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‘Fuji’ apple (Malus domestic Borkh) volatile production during high pC02 controlled atmosphere storage Published In Postharvest Biology and Technology, 100, 2015, by C. Lumpkin, J.K. Fellman, D. Rudell, and J.P. Mattheis

Christie Lumpkin, John Fellman, David Rudell, and James Mattheis
United States Department of Agriculture-Agricultural Research Service (USDA-ARS) Tree Fruit Research Lab, 1104 N. Western Ave., Wenatchee, WA 98801
USDA-ARS Publication # 304395
Post harvest Biology and Technology, February 2015, Volume 100, Pages 234-243  View Full Article

Interpretive Summary: ‘Fuji’ apples can develop postharvest disorders that render the fruit unmarketable. These disorders, typically internal browning often with small cavities in the internal tissues, occur several months after harvest in response to inappropriate storage conditions. Losses of this type reduce production efficiency and contribute to reduced food security and higher per apple production energy cost. As symptoms occur internally and usually during low oxygen controlled atmosphere storage, it is difficult for warehouse personnel to determine if problems in storage are occurring. By analyzing volatile compounds collected from apple storage rooms, scientists at the USDA Tree Fruit Research Laboratory identified several compounds that could serve as an early warning of conditions that lead to disorder development. This technique could provide apple storage operators with additional information about fruit response to storage conditions that could be used to avoid storage conditions that promote disorder development.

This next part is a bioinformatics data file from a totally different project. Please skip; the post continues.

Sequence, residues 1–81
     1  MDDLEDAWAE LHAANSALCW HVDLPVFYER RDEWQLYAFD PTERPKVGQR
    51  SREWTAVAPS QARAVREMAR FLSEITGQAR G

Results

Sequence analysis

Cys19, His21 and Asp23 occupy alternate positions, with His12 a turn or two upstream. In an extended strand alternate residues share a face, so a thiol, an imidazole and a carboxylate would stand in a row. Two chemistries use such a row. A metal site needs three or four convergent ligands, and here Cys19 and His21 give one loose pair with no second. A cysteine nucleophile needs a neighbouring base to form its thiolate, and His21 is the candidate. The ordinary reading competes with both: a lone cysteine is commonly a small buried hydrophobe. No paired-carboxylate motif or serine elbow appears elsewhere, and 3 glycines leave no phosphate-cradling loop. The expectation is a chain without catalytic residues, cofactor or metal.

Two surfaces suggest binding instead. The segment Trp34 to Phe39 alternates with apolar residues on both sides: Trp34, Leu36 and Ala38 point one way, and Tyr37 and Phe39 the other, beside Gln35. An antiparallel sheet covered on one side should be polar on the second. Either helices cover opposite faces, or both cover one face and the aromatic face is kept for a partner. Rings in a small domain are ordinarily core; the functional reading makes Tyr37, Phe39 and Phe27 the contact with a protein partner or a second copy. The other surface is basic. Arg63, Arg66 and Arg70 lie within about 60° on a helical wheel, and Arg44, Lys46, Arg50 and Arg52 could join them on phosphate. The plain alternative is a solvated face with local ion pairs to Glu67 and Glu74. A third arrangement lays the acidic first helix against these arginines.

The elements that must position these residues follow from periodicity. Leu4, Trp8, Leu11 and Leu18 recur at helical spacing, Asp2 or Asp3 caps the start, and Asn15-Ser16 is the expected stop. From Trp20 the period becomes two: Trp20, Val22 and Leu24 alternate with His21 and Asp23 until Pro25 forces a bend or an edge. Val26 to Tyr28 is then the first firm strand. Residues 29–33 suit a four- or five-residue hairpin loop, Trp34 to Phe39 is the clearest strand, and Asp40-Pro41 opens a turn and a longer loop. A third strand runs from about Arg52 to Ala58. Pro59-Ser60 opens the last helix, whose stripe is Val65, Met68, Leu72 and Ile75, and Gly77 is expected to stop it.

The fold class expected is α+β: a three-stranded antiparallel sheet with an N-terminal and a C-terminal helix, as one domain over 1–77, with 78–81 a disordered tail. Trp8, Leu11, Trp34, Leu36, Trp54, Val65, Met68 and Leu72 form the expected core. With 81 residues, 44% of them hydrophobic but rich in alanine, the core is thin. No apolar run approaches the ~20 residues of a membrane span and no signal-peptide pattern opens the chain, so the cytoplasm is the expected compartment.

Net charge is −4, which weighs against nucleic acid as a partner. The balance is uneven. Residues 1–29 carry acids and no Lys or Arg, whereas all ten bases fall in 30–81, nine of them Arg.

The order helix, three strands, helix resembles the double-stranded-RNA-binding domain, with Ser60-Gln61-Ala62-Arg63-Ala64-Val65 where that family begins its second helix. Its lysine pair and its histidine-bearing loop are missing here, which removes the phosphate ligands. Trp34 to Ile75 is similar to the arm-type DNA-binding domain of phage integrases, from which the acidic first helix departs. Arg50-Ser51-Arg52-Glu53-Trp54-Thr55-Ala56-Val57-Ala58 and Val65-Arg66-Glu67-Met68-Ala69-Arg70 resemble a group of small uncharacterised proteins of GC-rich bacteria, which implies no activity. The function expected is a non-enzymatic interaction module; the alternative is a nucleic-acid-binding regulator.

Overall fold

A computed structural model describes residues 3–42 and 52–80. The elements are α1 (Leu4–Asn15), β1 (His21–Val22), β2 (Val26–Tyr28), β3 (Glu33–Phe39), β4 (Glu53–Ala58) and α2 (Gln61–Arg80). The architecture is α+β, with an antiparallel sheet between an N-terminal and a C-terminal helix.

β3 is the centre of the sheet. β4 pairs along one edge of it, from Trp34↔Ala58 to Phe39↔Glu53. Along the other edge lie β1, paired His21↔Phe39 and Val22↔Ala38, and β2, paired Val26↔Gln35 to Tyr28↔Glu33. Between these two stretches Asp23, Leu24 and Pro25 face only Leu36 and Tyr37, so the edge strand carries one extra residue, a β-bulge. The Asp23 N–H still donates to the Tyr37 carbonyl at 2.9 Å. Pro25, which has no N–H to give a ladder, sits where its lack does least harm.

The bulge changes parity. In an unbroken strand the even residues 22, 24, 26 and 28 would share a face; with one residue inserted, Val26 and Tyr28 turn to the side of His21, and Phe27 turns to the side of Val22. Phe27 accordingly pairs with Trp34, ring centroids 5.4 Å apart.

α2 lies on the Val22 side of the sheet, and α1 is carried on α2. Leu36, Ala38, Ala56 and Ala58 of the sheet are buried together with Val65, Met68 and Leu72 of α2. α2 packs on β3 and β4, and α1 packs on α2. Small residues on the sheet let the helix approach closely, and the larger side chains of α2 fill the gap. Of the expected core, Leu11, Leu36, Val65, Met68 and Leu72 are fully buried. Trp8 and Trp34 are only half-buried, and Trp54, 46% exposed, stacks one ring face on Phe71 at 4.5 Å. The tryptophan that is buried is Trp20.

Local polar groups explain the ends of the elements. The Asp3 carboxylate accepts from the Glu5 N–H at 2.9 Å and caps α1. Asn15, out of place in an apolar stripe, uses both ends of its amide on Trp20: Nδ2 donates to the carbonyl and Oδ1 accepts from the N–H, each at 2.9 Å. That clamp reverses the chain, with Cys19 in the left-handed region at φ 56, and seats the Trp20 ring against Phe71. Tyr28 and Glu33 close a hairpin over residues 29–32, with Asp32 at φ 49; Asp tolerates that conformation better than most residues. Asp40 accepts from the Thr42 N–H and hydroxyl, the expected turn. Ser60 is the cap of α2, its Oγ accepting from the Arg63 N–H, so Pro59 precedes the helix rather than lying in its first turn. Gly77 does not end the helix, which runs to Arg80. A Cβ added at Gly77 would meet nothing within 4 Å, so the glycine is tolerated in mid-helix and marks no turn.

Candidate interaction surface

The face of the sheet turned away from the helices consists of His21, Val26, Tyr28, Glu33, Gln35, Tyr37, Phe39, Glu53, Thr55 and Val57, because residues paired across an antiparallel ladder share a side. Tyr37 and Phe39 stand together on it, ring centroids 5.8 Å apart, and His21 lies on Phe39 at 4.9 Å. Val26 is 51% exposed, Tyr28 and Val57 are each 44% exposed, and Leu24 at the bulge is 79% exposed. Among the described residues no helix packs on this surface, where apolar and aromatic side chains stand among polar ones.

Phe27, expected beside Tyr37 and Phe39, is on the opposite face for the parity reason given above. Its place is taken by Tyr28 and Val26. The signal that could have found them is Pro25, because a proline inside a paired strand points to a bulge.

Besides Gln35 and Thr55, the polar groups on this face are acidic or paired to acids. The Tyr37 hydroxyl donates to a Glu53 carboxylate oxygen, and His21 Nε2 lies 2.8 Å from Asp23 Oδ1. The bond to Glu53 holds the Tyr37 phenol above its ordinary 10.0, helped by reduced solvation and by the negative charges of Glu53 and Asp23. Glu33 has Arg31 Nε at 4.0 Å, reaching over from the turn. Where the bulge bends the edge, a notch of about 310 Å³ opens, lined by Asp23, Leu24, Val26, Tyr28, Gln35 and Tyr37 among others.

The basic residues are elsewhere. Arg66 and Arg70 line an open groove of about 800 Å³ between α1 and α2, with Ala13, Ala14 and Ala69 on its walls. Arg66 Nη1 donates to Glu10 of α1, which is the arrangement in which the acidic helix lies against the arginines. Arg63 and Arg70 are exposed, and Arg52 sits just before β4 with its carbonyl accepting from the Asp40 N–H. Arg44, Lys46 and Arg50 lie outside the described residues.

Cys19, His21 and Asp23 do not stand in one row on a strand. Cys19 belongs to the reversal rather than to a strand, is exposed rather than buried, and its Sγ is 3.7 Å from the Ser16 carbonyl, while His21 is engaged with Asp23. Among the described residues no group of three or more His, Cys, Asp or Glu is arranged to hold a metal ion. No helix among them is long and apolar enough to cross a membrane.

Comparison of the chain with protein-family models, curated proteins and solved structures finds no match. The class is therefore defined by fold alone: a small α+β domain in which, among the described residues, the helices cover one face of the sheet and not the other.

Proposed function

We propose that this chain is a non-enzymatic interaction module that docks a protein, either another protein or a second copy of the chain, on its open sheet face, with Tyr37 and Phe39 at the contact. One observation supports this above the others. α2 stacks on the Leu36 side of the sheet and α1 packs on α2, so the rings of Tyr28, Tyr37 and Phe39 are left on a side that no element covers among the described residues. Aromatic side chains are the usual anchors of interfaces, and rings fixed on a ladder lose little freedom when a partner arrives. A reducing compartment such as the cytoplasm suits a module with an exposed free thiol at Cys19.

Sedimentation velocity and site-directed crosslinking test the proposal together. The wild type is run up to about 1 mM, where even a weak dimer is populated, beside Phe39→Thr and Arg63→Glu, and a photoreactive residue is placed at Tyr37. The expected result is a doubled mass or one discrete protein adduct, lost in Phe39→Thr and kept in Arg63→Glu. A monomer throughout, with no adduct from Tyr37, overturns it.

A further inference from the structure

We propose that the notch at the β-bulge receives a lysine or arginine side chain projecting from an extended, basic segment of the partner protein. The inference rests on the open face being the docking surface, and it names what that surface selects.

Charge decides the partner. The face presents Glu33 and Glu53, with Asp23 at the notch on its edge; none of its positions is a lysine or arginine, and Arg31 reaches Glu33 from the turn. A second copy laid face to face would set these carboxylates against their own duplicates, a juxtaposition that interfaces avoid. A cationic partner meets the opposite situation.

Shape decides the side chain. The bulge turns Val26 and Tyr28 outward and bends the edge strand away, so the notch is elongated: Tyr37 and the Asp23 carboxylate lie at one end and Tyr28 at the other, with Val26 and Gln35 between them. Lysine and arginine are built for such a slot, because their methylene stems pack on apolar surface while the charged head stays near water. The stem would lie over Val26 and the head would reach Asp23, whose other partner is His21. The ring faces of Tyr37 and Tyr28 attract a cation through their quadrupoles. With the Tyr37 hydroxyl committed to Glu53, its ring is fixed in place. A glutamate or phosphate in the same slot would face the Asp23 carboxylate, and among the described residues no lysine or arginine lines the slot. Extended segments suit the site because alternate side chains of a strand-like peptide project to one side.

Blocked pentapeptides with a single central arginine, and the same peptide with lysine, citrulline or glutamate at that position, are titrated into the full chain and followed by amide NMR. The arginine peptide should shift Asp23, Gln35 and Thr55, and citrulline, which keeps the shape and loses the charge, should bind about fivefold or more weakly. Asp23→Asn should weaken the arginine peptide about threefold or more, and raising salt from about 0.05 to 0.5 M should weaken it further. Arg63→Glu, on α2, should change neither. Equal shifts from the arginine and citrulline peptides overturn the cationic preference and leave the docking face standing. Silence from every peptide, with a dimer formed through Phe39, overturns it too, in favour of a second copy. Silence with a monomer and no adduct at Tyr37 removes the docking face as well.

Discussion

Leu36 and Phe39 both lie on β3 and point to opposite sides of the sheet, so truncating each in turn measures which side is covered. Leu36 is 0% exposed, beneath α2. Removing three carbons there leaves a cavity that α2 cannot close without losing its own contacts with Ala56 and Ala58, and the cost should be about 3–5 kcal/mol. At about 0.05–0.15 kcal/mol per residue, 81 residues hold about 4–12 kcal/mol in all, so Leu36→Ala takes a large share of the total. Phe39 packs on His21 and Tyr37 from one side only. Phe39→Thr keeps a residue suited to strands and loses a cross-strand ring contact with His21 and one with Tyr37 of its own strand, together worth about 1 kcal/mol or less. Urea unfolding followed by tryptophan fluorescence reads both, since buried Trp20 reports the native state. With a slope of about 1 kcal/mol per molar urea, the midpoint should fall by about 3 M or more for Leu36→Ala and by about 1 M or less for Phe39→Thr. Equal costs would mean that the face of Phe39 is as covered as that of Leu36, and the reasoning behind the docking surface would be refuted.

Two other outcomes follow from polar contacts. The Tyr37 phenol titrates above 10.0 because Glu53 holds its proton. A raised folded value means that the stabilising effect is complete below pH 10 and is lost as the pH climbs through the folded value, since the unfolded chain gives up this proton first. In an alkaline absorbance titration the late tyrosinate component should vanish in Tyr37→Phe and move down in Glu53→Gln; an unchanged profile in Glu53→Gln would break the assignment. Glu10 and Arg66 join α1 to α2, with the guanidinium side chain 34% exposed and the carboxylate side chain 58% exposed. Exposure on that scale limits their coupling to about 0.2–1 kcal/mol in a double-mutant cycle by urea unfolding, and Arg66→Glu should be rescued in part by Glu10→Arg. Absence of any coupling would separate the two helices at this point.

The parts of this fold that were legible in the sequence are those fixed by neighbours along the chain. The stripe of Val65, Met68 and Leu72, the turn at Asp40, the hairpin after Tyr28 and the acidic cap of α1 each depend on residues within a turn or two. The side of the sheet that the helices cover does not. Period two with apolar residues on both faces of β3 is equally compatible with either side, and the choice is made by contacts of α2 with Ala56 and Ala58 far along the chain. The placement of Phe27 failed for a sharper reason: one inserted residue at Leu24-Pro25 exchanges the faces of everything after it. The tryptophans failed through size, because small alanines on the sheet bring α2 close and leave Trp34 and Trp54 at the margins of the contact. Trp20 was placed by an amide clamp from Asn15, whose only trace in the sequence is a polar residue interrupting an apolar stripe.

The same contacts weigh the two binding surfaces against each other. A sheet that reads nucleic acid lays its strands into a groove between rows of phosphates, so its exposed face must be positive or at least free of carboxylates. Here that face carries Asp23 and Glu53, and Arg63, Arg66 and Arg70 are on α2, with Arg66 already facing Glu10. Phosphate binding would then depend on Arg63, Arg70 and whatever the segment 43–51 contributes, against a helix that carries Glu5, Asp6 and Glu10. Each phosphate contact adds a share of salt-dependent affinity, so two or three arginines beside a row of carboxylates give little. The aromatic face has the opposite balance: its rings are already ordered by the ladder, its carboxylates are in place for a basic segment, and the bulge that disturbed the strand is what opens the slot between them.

Washington State University